Donald Neff wandered past graffiti-laden walls, down a footbridge lined with empty vodka bottles to a dark, wooded creek behind a San Jose strip mall and set-up his painter’s easel.
He set up his tubes of paint and gripped his brushes, transferring the eery scene onto his canvas.
For an entire year, Neff visited unremarkable, overlooked scenes like this all around Silicon Valley, painting them in a rustic impressionism that seemed to suggest the majesty of the great wide open. Except, these were the kind of mundane suburban scenes people passed every day without a second thought.
"People don’t appreciate what might be under a bridge, behind a strip mall or behind a fence," Neff said, peering out past his canvas. "So that was my main goal to make people appreciate what’s under their feet."
A lifelong painter, Neff set out to challenge himself with a project he called "the quest."
The parameters of his challenge would require him to set out once a week for a year and paint on location at one of Silicon Valley’s creeks. At the time, he didn’t realize there were more than 60 named creeks in the area.
His first stop in the project was Cunningham Park in San Jose, which sits in between a busy parkway and the Raging Waters Waterpark, where he painted a gentle scene of the fall colors changing along the creek.
"It looks kind of mundane if you just take a peek at it," Neff said, dabbing oil paints onto his canvas. "But the artist’s job is to make the mundane beautiful."
Neff captured wild beavers swimming in a creek right in the middle of downtown San Jose, in the shadow of a busy freeway.
He painted a culvert named Norwood Creek jutting between a shopping mall and rows of houses. His painting of the sun setting over the creek added a generous helping of beauty to an otherwise humble scene — what some might be more likely to call ugly.
His brushes also captured the vast homeless network in one creek known as "the jungle."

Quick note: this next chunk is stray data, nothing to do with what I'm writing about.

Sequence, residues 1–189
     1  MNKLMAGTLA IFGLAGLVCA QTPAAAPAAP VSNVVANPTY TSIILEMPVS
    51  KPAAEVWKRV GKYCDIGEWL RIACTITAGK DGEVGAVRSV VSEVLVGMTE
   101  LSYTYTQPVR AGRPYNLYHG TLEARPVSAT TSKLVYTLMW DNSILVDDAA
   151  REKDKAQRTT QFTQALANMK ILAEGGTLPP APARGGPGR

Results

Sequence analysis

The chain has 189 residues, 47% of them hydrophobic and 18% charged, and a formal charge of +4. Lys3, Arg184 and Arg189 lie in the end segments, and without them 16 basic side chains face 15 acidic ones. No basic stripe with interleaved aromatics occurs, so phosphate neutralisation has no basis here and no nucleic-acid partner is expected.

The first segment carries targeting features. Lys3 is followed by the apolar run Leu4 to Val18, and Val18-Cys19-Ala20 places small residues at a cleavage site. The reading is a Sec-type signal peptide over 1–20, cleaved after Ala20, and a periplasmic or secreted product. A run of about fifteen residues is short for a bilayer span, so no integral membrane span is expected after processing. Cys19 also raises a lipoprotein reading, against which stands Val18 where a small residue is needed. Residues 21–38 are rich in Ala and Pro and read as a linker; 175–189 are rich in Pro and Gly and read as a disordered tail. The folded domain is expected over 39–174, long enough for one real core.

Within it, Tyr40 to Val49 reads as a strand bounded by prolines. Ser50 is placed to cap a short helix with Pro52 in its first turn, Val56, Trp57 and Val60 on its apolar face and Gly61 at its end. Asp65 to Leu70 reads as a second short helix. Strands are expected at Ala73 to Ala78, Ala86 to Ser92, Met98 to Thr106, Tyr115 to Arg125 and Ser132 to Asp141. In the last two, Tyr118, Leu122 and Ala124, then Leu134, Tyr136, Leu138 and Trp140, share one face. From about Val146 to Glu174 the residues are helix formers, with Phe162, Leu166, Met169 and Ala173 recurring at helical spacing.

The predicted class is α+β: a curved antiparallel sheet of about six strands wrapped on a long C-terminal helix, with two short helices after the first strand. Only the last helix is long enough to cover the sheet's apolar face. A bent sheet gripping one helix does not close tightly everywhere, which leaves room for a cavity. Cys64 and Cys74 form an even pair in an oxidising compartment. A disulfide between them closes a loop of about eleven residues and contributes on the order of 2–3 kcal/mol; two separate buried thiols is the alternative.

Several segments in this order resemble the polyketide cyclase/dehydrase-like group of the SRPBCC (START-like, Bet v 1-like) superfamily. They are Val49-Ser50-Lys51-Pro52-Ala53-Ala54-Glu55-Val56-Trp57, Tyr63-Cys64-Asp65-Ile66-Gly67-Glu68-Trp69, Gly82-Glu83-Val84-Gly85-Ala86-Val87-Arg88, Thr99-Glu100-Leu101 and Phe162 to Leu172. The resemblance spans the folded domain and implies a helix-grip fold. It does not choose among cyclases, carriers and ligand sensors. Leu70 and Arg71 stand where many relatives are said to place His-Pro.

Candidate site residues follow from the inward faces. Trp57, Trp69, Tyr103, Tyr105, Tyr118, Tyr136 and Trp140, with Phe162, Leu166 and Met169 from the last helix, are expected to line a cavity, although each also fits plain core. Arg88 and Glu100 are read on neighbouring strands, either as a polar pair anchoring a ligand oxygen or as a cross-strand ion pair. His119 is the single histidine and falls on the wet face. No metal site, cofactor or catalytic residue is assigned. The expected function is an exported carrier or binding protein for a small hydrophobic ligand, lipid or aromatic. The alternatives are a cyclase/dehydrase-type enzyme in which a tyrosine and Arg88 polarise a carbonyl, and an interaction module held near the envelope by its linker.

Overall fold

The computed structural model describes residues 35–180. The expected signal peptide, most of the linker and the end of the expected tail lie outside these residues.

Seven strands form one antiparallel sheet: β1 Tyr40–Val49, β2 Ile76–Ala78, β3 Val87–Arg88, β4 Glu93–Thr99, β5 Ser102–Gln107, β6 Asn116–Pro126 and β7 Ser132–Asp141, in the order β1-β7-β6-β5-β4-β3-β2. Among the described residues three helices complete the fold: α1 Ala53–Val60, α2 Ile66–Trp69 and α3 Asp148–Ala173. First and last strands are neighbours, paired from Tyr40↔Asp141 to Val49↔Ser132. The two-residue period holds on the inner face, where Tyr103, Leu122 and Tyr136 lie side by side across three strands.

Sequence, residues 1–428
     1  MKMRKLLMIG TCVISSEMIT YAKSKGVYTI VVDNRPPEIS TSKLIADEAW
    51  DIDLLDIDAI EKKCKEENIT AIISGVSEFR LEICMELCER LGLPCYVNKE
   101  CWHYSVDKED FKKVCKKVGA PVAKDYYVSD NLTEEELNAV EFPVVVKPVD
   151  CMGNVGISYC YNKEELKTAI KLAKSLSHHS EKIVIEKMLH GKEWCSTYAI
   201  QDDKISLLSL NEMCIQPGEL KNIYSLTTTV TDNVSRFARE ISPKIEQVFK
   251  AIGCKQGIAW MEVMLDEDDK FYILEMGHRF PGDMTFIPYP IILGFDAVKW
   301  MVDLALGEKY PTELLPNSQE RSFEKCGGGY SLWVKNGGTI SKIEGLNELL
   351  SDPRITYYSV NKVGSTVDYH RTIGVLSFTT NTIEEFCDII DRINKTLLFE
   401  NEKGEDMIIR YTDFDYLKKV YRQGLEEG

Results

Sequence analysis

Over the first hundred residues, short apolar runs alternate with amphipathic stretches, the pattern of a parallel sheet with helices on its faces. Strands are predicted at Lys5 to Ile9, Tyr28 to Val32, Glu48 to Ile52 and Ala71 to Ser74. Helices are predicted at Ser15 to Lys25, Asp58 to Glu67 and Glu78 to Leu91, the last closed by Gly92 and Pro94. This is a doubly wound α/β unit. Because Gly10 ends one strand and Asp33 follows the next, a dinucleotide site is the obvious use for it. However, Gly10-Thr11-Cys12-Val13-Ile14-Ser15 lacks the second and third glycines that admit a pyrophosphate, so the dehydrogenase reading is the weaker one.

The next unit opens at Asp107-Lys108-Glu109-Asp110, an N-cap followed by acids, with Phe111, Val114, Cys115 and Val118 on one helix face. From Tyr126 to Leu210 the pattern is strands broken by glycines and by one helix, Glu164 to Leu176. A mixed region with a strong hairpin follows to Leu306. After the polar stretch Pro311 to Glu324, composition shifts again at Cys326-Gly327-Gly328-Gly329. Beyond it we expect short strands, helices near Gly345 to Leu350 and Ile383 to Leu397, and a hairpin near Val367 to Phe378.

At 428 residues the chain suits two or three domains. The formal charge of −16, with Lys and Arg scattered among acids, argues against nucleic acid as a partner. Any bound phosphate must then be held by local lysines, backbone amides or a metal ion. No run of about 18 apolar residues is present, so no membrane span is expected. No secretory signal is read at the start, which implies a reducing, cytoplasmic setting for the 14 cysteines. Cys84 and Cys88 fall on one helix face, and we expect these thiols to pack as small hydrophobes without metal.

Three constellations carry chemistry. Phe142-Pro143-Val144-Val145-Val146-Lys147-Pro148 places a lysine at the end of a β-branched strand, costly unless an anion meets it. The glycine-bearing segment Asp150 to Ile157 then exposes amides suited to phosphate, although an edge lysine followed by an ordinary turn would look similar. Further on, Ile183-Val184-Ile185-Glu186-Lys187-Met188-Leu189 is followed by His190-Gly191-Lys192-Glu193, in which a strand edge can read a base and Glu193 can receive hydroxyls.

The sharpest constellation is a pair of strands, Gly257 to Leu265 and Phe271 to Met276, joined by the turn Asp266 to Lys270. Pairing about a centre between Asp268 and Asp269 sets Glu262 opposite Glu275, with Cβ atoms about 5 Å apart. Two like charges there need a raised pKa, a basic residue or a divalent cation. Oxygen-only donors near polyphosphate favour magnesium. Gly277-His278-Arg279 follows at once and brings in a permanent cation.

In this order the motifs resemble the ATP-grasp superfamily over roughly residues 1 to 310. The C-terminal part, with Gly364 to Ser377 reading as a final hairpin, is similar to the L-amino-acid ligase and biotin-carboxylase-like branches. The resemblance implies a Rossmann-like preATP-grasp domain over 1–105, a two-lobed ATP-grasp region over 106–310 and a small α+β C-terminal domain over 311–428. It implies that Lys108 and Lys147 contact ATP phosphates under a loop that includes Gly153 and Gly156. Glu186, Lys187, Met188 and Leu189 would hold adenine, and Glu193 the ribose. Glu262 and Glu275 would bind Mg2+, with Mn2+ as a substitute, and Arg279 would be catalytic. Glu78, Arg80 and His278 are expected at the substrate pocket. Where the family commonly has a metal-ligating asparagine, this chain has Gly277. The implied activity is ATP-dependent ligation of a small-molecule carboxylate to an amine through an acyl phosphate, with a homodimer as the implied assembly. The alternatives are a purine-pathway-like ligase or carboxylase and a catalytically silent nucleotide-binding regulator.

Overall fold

"As an artist I try to bring out the little beauty that you see that, otherwise, you wouldn’t," Neff said. "You’d walk right past, wouldn’t even notice."
Having spent the last 40 years living in the area, Neff bemoans the lost orchards and open spaces increasingly chewed up by Silicon Valley’s tech-fueled sprawl. At the same time Neff isn’t anti-tech. He actually owned his own tech company until 17 years ago when the dot-com bust made him reconsider his path.
"I was actually going to start another dot-com company," Neff said. Instead, he took up painting and "never looked back."
During his year-long quest, which recently came to an end, Neff painted 60 paintings of some 43 different creeks. The Santa Clara County Government Center hosted an exhibit of his paintings, which covered an entire wall. But perhaps most satisfying to Neff is that some of the environmental groups overseeing creek restorations in the area began to showcase his art as part of their campaigns.
Neff was also encouraged to hear salmon have once again been spotted running on the Guadalupe River.
"They’re really restoring a lot of the old places," Neff said.
Neff folded up his easel and strolled down the dirt road along another creek bed — a sliver of forest caught between a busy street and a neighborhood of densely packed homes. He took in the sight of the orange and red leaves clinging to branches as he crossed a wooden bridge and headed for his car.
"You can find quiet and solace in kind of the strangest places, I guess," Neff said.